Located on the West Coast in Claremont, CA is Scripps College. Scripps was founded in 1926 and is part of the consortium of Claremont Colleges. You’ll find Scripps College ranking #35 in National Liberal Arts Colleges, according to U.S. News. Additionally, you’ll see Scripps College ranking highly on Forbes’ lists of Top Colleges (#150), Liberal Arts Universities (#40), and Colleges in the West (#38). At Scripps, you’ll start your education by completing the core curriculum and end with a senior thesis or project. 

6. Mount Holyoke College

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Next, we’re highlighting another of the best women’s colleges in Massachusetts. Mount Holyoke College, in South Hadley, MA, is known for its experienced faculty and rigorous academic programs, in both STEM programs and the arts. The Mount Holyoke College rankings, according to U.S. News, are #34 in National Liberal Arts Colleges and #37 in Best Value Schools. Conversely, Forbes has Mount Holyoke College ranking #56 in Liberal Arts Universities and #72 in the Northeast.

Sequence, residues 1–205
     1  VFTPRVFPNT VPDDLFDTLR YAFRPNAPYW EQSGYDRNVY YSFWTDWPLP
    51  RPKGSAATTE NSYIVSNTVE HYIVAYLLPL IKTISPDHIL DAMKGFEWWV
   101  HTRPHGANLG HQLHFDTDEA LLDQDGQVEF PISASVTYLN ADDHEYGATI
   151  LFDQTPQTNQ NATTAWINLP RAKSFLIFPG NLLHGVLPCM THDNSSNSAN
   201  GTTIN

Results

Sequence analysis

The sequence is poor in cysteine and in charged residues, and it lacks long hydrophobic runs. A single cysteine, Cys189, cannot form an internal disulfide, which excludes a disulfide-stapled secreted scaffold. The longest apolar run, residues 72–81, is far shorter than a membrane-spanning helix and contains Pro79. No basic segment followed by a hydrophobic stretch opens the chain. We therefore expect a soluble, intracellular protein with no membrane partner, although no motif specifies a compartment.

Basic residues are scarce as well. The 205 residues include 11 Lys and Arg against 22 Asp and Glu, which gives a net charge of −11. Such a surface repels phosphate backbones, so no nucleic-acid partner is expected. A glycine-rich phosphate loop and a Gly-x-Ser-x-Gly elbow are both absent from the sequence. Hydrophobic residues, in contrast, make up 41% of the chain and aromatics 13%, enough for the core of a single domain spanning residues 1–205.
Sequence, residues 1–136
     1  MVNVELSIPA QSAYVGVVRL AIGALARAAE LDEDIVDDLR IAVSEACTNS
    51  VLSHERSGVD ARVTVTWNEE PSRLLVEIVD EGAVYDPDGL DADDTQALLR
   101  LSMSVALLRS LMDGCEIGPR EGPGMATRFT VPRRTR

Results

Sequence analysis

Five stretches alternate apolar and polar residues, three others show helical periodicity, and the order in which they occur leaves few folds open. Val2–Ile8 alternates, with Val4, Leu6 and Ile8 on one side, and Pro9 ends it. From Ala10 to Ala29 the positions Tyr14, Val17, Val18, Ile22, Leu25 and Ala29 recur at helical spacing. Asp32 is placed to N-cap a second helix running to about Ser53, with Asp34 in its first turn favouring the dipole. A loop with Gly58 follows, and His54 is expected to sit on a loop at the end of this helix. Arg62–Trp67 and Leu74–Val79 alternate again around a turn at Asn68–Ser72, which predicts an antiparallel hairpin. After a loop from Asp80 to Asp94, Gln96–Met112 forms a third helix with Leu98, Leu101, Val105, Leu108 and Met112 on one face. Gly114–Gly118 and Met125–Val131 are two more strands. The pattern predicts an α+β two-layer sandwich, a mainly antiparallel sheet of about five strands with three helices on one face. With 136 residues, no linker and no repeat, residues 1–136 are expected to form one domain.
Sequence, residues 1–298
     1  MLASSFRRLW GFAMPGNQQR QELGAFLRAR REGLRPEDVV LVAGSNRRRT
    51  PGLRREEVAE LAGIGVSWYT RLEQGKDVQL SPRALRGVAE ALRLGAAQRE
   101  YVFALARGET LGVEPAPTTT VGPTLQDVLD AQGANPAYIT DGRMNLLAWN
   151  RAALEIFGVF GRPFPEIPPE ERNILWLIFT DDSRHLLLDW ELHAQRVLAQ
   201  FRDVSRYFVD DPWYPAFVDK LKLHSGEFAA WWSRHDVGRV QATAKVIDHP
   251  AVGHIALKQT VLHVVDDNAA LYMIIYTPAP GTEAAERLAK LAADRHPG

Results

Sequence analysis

7. Spelman College

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Some of the first women’s colleges were founded in Georgia, which is where our next school is located. Spelman College, located in Atlanta, GA, is not only one of the best all female colleges, it’s also the #1 HBCU in the country. Since its founding in 1881, Spelman has provided students with an excellent education in the liberal arts and sciences. Students at Spelman can expect to engage with a wide range of cultures so they can become creative, intellectual, and ethical global leaders.

8. Agnes Scott College

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Agnes Scott College Library Reading Room” by JKD Atlanta | CC BY 2.0.